Historical Letters: James K. Polk
James K. Polk, the eleventh President of the United States (1845-1849) was born in November so as a happy birthday to Mr. Polk I have found a letter of his which I now share with you. Polk was president during the Mexican American war and even threatened the U.K. with war. More about Polk's correspondence can be found at The Polk Project where I happily found this letter.
According to Wikipedia,
"Polk is often considered the last strong pre–Civil War president, having met during his four years in office every major domestic and foreign policy goal set during his campaign and the transition to his administration."
He writes to George Bancroft, diplomat to England. You will find the transcript below the letters should you be interested in reading it. For myself, I wish I could write so well in a "hasty letter."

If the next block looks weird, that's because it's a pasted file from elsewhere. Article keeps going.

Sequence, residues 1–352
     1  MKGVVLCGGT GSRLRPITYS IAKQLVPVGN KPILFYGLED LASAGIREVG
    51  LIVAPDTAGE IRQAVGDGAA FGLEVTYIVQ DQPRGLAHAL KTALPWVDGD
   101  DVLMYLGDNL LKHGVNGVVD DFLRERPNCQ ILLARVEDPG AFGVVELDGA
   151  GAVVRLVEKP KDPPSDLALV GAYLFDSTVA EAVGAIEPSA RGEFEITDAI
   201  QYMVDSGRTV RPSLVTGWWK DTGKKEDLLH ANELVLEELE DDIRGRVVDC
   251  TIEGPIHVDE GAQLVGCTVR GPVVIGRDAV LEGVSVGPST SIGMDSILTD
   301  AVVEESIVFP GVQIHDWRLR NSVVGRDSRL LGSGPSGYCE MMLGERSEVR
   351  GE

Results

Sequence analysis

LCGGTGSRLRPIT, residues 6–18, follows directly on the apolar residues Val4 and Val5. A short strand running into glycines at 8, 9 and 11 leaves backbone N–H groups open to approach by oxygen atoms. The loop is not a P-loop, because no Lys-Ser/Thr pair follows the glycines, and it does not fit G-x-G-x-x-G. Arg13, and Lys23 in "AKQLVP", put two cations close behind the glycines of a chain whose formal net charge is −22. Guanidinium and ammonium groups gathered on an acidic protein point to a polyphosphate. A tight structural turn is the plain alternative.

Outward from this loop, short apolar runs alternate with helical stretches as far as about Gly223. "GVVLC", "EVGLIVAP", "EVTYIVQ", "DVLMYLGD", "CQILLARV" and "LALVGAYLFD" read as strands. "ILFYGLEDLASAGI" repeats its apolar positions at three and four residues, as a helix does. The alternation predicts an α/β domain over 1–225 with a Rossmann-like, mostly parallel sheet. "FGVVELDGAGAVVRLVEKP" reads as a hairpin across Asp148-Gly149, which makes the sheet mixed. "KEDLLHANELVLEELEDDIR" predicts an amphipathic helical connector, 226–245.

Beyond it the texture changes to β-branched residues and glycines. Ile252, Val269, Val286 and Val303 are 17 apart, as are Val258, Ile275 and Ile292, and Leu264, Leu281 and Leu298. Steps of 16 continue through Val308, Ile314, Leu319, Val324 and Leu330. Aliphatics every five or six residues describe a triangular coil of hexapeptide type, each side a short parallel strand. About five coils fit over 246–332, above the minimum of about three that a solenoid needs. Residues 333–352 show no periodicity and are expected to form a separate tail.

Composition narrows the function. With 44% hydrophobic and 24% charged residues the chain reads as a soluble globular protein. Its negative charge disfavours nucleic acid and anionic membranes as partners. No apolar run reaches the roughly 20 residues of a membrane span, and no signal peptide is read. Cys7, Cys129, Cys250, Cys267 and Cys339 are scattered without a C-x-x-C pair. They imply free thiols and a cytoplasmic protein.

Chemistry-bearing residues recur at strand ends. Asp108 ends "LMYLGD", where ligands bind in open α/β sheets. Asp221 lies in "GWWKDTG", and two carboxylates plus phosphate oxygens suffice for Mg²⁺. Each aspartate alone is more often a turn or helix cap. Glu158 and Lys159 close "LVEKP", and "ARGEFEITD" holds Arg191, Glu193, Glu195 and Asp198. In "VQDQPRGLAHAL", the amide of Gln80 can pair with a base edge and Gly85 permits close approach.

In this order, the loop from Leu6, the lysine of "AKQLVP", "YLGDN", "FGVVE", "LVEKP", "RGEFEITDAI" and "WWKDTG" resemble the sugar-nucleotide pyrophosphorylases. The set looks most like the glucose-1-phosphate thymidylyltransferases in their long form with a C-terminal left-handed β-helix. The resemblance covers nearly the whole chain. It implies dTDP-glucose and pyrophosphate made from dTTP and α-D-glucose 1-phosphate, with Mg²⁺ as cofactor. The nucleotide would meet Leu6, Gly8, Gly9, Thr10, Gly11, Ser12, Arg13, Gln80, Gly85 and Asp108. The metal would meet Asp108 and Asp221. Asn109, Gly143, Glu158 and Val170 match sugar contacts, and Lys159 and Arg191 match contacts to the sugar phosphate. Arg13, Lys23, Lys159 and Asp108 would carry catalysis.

My Dear Sir: Washington City Jany. 30th 1847 I thank you for your several letters, the last under date of the 4th Instant. It is gratifying to your friends, to learn from various sources, that you have been so well received, in England. I doubt not that your mission will be eminently useful to your country, and that you will add to your already high reputation. Your nomination was promptly confirmed by the Senate, without objection from any quarter, a circumstance, which in these times of party excitement, is highly honorable to you. My responsibilities have increased since you retired from the Cabinet, and especially since the meeting of Congress. We have as yet, no reliable assurance, of a disposition on the part of the Mexican rulers to treat for peace, still I think they are desirous to do so, but are restrained, by the fear that any concession to the U.S. would cost them their places. No party in power in Mexico is probably strong enough to make such a peace as we could accept, without producing a Revolution which would enable some other faction to come into power. The present party in power, I have reason to believe would treat for peace, if they possessed the means—to sustain the army, for the time being; and hence the great importance of the two million appropriation, for which I asked at the last Session of Congress, and again at the present Session. It is doubtful whether it will be granted. The vexed question of Slavery as connected with it, has again been thrust before Congress, as you will have seen. You will be surprised I know, to see that this agitating subject, which can result in no good, and must be mischevous was brought forward not by a Federal member but by Mr Preston King of N.Y. It has distracted the Democratic party in Congress, producing sectional excitement & destroying all harmony in their action. The Federal party avail themselves of our divisions, and though the Session of Congress is now two thirds over, nothing has been done to sustain the Government in the vigorous prosecution of the War, unless it be a loan-bill which did not pass until two days ago. All the War measures which recommended in my annual message,8 still linger before Congress. Almost all who have participated in the debates in Congress avow their willingness to grant all the men & money which the Government want, but still every measure is postponed, until the delay has become most embarrassing to the Government. For myself I will do my duty, and leave the rest to God and my country. The truth is that the spirit of the people is far in advance of that of Congress. The factions in Congress, who it is not to be disguised are shaping their course, with a view, to advance the interests of their respective favourites in the next Presidential Election, have had much agency in producing the present unfortunate state of things. For myself, I rejoice that I am under no circumstances to be before the Country for re-election. This determination is irrevocable. Personally—therefore I have no interest, in the question of the succession, but I most ardently desire to maintain the ascendancy of my political principles, and to hand over the Government, at the close of my term, to a successor of my own political faith. Though I deeply regret the want of energy—and prompt action by Congress, you must not suppose that I am disponding, or that I will not persevere the course of policy, which I presented to the country in my message. This is the last day I can write, in time for the next Steamer: It is Cabinet day, and the hour of meeting has arrived. I must therefore conclude this hasty letter. With the kind salutations of Mrs. Polk and myself to Mrs. Bancroft. JAMES K. POLK